Use of the Sputnik vaccine in particular is contentious in the EU, given Hungary has already administered thousands of doses despite it not yet being approved by the EU’s regulators. Orban, a longtime far-right populist, appears to be using the new vaccines as part of a political wedge strategy to further inflame EU tensions – ahead of an election next year. So far, Commission officials appear to be avoiding taking the bait, simply ignoring his provocations.
Doses distributed: 1,212,060
Doses administered: 1,023,509
Greece does not enjoy a reputation as one of the world’s best-governed nations, but generally seems to be doing reasonably well by EU standards when it comes to vaccination. Around 7.5% of its population is vaccinated, which is fairly mid-table, but it has administered a higher percentage of the vaccine doses it has received than any other EU nation – suggesting it is hitting fewer bureaucratic hurdles than others.
Given its economy’s reliance on tourism, Greece is both trying to get its vaccine programme completed by summer and is agitating the EU to accelerate vaccination across the bloc, too. The Greek government is also advocating strongly for vaccine passports to kickstarts its tourism, and has signed a deal on those with Israel already.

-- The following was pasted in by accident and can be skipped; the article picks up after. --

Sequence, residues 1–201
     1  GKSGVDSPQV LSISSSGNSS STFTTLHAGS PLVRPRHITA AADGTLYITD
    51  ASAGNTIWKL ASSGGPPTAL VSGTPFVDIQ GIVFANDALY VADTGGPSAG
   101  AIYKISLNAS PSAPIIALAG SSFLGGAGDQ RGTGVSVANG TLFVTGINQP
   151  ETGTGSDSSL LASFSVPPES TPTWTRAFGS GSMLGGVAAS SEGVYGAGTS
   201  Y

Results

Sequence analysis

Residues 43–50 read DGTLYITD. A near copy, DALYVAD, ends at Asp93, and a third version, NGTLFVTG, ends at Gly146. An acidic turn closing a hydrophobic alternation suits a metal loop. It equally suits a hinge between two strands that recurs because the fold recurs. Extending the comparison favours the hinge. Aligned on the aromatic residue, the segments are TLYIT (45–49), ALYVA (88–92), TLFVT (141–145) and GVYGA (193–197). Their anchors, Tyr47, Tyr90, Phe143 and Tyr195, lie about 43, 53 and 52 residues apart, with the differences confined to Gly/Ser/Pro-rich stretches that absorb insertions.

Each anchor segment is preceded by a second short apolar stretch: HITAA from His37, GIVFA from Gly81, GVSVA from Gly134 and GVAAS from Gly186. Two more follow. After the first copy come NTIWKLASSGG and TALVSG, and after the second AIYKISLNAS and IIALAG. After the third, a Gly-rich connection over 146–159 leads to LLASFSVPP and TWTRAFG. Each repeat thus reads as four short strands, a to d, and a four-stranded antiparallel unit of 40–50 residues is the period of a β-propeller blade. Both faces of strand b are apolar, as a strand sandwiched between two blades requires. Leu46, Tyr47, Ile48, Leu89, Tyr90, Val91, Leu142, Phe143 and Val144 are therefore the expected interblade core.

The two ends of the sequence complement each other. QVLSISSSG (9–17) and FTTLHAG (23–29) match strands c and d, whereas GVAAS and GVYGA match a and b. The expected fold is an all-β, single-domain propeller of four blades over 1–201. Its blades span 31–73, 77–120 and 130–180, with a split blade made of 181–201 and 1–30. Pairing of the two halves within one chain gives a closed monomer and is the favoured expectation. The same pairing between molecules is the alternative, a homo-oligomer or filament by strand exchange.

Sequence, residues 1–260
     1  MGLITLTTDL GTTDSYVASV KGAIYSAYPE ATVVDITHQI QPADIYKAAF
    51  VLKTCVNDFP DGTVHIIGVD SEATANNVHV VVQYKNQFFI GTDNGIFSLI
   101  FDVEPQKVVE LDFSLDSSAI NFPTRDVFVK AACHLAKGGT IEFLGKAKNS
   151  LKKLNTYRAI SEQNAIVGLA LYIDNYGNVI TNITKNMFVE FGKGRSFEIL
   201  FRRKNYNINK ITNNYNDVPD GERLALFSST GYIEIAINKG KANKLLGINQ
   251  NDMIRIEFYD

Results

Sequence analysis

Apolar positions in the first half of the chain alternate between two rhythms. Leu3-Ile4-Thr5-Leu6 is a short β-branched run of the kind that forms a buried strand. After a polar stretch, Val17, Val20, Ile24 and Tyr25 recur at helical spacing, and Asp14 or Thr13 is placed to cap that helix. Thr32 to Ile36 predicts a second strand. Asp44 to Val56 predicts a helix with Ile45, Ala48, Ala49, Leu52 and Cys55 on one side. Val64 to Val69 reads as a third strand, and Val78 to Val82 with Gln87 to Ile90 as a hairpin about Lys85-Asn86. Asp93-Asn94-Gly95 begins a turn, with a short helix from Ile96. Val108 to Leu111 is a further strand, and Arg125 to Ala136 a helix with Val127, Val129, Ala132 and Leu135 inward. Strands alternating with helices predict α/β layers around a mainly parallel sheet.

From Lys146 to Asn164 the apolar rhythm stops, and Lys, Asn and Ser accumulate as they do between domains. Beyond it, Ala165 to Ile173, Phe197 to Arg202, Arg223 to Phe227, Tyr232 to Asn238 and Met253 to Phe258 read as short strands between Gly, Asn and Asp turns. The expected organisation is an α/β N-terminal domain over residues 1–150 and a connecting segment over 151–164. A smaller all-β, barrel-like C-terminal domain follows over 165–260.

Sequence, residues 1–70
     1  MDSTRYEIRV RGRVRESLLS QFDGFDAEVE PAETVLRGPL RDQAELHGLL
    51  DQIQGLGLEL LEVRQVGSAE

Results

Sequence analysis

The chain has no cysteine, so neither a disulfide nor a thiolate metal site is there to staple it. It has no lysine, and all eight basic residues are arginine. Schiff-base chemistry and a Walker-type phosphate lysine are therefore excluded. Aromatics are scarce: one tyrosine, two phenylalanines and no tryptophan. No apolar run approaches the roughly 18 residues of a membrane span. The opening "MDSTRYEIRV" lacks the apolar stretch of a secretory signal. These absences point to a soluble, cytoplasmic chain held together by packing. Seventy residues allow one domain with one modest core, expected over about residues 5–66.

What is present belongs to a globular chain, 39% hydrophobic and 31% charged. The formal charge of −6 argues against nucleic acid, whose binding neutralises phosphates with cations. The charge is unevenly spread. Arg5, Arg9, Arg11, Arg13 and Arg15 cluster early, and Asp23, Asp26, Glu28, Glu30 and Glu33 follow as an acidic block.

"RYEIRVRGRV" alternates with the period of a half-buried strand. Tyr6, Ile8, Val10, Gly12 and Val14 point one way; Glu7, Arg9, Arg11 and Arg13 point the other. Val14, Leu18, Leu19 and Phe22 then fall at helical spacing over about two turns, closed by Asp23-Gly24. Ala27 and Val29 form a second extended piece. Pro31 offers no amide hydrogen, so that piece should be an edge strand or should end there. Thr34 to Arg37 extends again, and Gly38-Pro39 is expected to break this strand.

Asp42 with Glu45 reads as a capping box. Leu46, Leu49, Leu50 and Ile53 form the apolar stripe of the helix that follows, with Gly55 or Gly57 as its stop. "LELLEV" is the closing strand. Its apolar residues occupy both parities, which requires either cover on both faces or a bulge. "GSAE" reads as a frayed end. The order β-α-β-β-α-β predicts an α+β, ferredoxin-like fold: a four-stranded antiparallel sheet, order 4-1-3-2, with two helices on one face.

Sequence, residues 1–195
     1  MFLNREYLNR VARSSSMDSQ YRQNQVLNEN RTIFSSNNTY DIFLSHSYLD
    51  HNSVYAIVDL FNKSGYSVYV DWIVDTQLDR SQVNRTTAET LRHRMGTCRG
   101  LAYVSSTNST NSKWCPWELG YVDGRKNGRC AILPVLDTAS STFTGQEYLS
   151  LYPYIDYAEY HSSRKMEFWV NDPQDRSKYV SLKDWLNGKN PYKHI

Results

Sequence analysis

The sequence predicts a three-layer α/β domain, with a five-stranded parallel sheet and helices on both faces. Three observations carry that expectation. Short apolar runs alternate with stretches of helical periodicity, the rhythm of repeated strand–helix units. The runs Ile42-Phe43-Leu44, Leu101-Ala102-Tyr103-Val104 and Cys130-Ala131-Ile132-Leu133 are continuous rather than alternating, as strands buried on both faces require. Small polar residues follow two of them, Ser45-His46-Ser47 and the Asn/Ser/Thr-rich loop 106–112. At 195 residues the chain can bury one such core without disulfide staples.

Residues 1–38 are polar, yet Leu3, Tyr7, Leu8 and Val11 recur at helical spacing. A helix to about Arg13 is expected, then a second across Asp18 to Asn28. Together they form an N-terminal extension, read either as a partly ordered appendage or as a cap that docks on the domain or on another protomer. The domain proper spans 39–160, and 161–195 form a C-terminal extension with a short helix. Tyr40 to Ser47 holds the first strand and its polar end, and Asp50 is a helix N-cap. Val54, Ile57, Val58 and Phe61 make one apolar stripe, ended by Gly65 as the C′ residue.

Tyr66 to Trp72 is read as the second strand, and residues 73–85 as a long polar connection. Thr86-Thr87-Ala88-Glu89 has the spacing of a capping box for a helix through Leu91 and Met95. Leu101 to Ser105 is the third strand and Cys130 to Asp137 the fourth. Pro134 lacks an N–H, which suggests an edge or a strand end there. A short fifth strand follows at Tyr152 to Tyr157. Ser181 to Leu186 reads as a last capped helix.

Doses distributed: 101,040
Doses administered: 75,799
The small Baltic nation has the slowest vaccine rollout of any EU nation, with just 3.7% of its population having received one or more doses. Its near neighbours and fellow accession nations (relatively recent EU joiners) Bulgaria, Estonia and Romania have similarly low vaccination rates.
It is, perhaps, relatively unsurprising that the EU’s poorer nations are generally faring worse in the vaccine rollout, but Latvia at least is sticking with the mainstream EU strategy, rather than turning to Russia’s Sputnik vaccine as Hungary’s Orban is doing.
Unfortunately, its vaccine rollout has crawled to a halt and coronavirus cases are rising, with the government expected to introduce further restrictions in the next few weeks. Latvia’s government was among several last month urging the EU to accelerate approval procedures for the AZ vaccine and to prevent bureaucracy stalling the bloc’s vaccine rollout. “Precision of procedures matters,” the country’s prime minister Krisjanis Karins tweeted. “But so does speed. The delays cost lives.”